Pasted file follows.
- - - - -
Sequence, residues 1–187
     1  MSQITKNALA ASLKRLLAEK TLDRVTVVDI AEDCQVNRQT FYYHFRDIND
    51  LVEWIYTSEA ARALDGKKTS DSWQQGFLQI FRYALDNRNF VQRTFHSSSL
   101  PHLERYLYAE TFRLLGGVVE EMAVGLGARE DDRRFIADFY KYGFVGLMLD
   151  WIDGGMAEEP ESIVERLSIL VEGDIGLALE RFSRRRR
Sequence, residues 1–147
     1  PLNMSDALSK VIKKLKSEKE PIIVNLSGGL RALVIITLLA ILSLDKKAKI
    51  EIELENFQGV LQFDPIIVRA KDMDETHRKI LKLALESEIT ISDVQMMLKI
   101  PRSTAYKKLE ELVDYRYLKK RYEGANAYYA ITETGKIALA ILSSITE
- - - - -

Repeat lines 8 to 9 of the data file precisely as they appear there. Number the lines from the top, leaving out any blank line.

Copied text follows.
    51  EIELENFQGV LQFDPIIVRA KDMDETHRKI LKLALESEIT ISDVQMMLKI
   101  PRSTAYKKLE ELVDYRYLKK RYEGANAYYA ITETGKIALA ILSSITE